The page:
In Watson v. State, the Supreme Court of Georgia overturned the defendant’s conviction for solicitation of sodomy, finding that the evidence was not sufficient to support it.
The defendant was an officer with the City of Nashville Police Department. He responded to a dog attack call and that is where he met the alleged victim who was a 17 year-old boy. According to the boy, Watson gave him a ride home and insinuated that he should get “something to repay for the ride,” grabbing at his genitals and pulling down on his pants as he did so. Later, Watson sent him multiple messages via text, Facebook and MySpace suggesting that he and the boy get together to “have a little fun if u know what I mean.” The boy reported the communications to a tennis coach at the school who contacted law enforcement. In the presence of a law enforcement officer, the boy called Watson, who proposed that the two meet. In a second telephone conversation, Watson explicitly proposed and discussed acts of sodomy, and stated repeatedly that it was up to the boy what would happen, and that he did not have to do anything he did not want to do.
Watson was subsequently charged with solicitation of sodomy, and challenged the validity of the statute on the grounds that it violated his freedom of speech and that it was constitutionally void for vagueness. He also alleged that the evidence was not sufficient to support his conviction.
To support a conviction for solicitation of sodomy, Georgia law requires that a person “solicits another to perform or submit to an act of sodomy.” The Georgia Supreme Court has held that a statute will not be facially invalid if it is construed so as to avoid criminalizing protected speech. The Court has also previously examined the constitutionality of the sodomy statute, holding that in order to withstand a constitutional challenge, the statute must be interpreted so as not to criminalize “private, unforced, non-commercial acts of sexual intimacy between persons legally able to consent.”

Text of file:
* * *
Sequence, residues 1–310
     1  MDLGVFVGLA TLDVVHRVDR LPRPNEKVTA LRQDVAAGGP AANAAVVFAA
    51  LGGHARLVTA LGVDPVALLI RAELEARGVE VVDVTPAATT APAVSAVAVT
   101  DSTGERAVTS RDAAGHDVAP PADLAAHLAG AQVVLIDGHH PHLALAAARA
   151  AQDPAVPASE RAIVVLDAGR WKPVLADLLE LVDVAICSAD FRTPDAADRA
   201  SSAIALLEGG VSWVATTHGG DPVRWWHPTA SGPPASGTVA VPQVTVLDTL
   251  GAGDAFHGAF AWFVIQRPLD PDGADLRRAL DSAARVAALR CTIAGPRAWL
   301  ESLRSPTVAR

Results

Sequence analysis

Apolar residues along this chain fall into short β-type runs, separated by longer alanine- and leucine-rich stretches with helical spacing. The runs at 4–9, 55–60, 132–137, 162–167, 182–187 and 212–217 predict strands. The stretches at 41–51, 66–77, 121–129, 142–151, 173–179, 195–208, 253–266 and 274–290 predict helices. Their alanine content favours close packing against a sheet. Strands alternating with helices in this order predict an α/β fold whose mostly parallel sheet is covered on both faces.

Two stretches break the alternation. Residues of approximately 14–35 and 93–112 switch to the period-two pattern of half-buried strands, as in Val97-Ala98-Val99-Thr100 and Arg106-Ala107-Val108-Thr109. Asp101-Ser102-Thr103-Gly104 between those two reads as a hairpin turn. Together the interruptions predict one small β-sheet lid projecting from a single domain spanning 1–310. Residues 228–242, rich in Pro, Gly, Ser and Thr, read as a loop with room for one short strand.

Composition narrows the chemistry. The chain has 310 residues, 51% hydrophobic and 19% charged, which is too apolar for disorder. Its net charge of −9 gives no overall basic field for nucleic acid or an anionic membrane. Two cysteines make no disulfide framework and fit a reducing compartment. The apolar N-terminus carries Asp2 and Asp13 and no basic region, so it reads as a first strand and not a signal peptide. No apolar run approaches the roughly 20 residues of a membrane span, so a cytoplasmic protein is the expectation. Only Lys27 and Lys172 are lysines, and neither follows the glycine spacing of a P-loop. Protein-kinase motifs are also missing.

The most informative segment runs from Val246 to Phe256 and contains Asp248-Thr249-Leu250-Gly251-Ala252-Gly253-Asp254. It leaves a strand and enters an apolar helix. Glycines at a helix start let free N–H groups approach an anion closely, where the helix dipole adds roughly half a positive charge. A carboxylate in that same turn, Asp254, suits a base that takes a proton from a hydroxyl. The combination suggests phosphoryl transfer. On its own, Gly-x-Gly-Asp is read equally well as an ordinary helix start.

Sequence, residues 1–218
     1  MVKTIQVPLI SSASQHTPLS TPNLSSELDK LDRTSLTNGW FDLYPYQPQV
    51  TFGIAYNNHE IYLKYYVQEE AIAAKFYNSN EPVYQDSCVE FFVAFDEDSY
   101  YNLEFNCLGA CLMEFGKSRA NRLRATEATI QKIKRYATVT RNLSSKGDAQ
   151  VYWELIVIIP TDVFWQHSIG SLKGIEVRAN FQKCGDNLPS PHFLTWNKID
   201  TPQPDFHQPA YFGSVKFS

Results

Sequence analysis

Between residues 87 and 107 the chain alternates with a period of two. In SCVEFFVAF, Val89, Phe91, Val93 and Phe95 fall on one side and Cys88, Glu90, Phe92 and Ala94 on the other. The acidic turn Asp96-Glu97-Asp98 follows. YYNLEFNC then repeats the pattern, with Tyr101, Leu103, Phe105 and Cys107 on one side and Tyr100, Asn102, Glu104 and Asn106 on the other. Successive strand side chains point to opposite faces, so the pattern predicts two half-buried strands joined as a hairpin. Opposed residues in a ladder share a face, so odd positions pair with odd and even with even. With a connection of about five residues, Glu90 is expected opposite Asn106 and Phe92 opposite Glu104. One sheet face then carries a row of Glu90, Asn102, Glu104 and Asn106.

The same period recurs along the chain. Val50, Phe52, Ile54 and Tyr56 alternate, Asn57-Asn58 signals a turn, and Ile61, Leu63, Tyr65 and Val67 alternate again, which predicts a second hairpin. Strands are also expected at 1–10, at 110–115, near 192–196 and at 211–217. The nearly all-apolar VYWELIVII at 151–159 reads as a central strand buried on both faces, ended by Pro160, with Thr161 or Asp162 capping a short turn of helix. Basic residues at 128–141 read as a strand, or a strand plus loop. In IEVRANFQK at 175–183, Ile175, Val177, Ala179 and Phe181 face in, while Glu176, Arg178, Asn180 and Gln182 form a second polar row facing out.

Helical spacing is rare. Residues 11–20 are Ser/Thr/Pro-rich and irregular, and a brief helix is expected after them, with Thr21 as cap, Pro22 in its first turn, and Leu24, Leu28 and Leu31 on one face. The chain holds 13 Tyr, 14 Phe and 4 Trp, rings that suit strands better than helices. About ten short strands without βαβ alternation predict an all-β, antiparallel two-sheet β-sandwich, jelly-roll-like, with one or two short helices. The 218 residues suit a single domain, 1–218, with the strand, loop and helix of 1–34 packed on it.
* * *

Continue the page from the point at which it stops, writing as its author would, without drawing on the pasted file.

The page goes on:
Thus, the Court found that under this narrow construction, the statute only punishes those who solicit acts of sodomy not protected by the Georgia Constitution. Because the statute was readily subject to an interpretation which criminalized “only such language as creates a clear and present danger of a felony being committed,” the Court upheld the statute’s validity.
The Court also rejected the defendant’s contention that adopting a narrow construction made the statute void for vagueness. The Court held that the crime of soliciting sodomy was defined with sufficient precision so that a person of ordinary intelligence had fair warning of what specific conduct is forbidden.
Nevertheless, the Court found that the evidence was insufficient to convict the defendant for solicitation of sodomy. The Court held that the State failed to prove that the proposed acts of sodomy were not constitutionally protected as there was no suggestion that they were to take place in public, in exchange for money, by force, or with an individual who could not legally consent—since in Georgia, a person may legally consent to sex at the age of 16.
As a result, Watson’s conviction for solicitation of sodomy was reversed.
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